Rain didn’t stop crowds taking ringside position as the Dublin Horse Show returned

Horses and riders take centre stage among fashion-forward hats, drumming workshops and more

The morning rain didn’t stop the crowds from jockeying for ringside positions as the Dublin Horse Show returned to the RDS on Wednesday following two years of Covid-19-related cancellations.

The opening day of the event, which runs until Sunday, attracted an unusually large crowd, Emily Glynn said, who was there at 10am with her children Megan and James. The family have been attending the event for the past decade.

“It’s exciting to be back,” she said. “My husband has a stud farm out in Rolestown. I wasn’t horsey until I met him.”

Horse breeder Michael Flanagan, from Roscommon, was also delighted to return to the RDS. He has been breeding Connemara broodmares since 2012 but has been attending the horse show for far longer.


“It feels fantastic to be back,” he said. “I’m here with a friend and we have a pony stallion called Bohola Mirah, bred in Behola, Mayo, just up the road from me ... It is one of the few stallions currently breeding in the country.”

Dressed in a navy-blue blazer and a white Panama hat, Anne Magee, from Leath in Co Kerry, was well turned out for the event.

“We’re old-fashioned,” she said, when asked about her choice of clothing.

Standing next to her was George O’Malley, from Longford, who was clad in a tweed blazer and matching Panama hat.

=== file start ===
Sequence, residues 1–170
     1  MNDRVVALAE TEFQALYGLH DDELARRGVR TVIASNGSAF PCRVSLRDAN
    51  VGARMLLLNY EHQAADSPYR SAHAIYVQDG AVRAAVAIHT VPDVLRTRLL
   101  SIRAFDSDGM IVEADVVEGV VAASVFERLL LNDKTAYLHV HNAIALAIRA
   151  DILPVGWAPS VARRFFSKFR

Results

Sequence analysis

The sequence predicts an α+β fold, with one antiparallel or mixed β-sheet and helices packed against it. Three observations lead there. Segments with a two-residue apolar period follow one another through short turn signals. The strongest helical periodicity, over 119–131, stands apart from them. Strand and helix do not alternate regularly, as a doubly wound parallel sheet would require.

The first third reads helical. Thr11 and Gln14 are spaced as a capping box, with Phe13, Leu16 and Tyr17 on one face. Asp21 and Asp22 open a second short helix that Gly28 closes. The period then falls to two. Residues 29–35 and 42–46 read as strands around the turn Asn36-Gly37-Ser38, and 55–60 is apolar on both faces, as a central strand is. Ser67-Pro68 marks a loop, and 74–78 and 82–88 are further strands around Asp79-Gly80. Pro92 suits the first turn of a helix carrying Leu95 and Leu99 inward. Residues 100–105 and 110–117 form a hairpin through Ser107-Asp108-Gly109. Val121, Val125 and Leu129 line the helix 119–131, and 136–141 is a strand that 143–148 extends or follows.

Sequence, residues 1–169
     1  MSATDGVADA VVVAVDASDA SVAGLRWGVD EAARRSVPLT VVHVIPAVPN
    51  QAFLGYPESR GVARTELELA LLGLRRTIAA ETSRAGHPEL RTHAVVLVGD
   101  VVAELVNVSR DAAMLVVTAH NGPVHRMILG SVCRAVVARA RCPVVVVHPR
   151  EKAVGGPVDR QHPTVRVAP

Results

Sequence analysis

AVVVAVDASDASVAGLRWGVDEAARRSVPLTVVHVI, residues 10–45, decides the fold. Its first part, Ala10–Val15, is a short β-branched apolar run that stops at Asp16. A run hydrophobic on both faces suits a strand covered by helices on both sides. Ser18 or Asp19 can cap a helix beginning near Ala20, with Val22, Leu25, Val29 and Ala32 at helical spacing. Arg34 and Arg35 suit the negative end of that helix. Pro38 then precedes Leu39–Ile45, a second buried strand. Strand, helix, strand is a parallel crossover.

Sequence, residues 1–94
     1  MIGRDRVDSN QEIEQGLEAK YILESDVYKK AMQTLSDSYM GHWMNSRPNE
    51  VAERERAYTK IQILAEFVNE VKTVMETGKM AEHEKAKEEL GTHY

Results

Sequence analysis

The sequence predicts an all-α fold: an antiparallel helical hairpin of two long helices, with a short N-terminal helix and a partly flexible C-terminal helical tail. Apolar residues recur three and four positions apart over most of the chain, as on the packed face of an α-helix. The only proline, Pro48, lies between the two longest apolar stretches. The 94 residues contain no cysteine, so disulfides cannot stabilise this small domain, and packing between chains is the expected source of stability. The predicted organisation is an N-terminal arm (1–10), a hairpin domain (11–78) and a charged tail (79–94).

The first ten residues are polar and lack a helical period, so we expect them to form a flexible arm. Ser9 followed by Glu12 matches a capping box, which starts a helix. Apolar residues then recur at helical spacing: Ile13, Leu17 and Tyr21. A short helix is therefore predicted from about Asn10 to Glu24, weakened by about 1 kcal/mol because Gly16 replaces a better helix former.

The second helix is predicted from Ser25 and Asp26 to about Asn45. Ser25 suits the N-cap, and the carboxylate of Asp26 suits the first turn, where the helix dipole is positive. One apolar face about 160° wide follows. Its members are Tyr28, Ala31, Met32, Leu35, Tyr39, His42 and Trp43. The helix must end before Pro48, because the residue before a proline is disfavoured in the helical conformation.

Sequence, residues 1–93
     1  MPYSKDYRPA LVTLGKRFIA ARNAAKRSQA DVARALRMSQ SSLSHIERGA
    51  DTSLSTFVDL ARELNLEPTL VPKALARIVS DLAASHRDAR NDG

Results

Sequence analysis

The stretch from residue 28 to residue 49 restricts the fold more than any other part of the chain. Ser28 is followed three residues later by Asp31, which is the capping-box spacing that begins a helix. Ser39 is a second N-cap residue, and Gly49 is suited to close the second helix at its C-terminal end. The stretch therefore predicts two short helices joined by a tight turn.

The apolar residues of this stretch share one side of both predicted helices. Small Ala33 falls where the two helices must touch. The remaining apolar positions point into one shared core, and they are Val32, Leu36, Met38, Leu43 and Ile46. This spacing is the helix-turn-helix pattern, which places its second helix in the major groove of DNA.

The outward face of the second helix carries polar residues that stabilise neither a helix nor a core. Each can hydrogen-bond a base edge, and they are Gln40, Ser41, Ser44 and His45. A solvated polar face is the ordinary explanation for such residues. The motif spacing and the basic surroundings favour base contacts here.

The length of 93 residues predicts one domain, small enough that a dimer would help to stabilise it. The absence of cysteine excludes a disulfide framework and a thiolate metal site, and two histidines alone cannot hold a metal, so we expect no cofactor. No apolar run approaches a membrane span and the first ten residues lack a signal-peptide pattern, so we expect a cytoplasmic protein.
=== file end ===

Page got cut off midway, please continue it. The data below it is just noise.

The two have attended the event for more than 50 years, O’Malley estimated. Magee owns a few horses taking part in this year’s show. She said while its feels great to be back, the only downside was the weather, which she hoped would improve.

Inside the venue was a maze of shopping halls, food stalls and bars, with the wet morning proving advantageous for vendors as many sought to escape the drizzle. From CBD oil for pets, to artwork and clothing, almost anything could be bought.

Most crowded was the Berney Brothers stall, where saddles and riding gear were on sale.

Another busy operator was Kennedy & McSharry, with Neil McSharry saying he was happy with his first-day hat sales.

“Hats are coming very much back into fashion. It’s going from the typical racing hat, the Willie Mullins type of hat, to a trilby hat with a narrower brim that’s a bit dressier,” he said. “In addition, the crushable felt fedora style is quite popular.”

Sally Hyland, from Dublin, and her friend Stephanie Blake, from Wexford, were looking for something interesting to do and some variety so they decided to attend. They said they went to a drumming workshop earlier in the day and found it hilarious.

On the other hand, Sally Ike said she did not have much time for fun as she was invited to be a judge at the event. Ike, from New Jersey in the US, had previously attended when she worked for the US Equestrian Federation, managing the jumping team.

“I’ve been lucky enough in my career to have been to virtually all the big horse shows in the world, including five Olympic Games, world championships and so on in my role as jumping team leader,” she said. “The Dublin Horse Show is my favourite horse show because it is such a celebration of the horse.”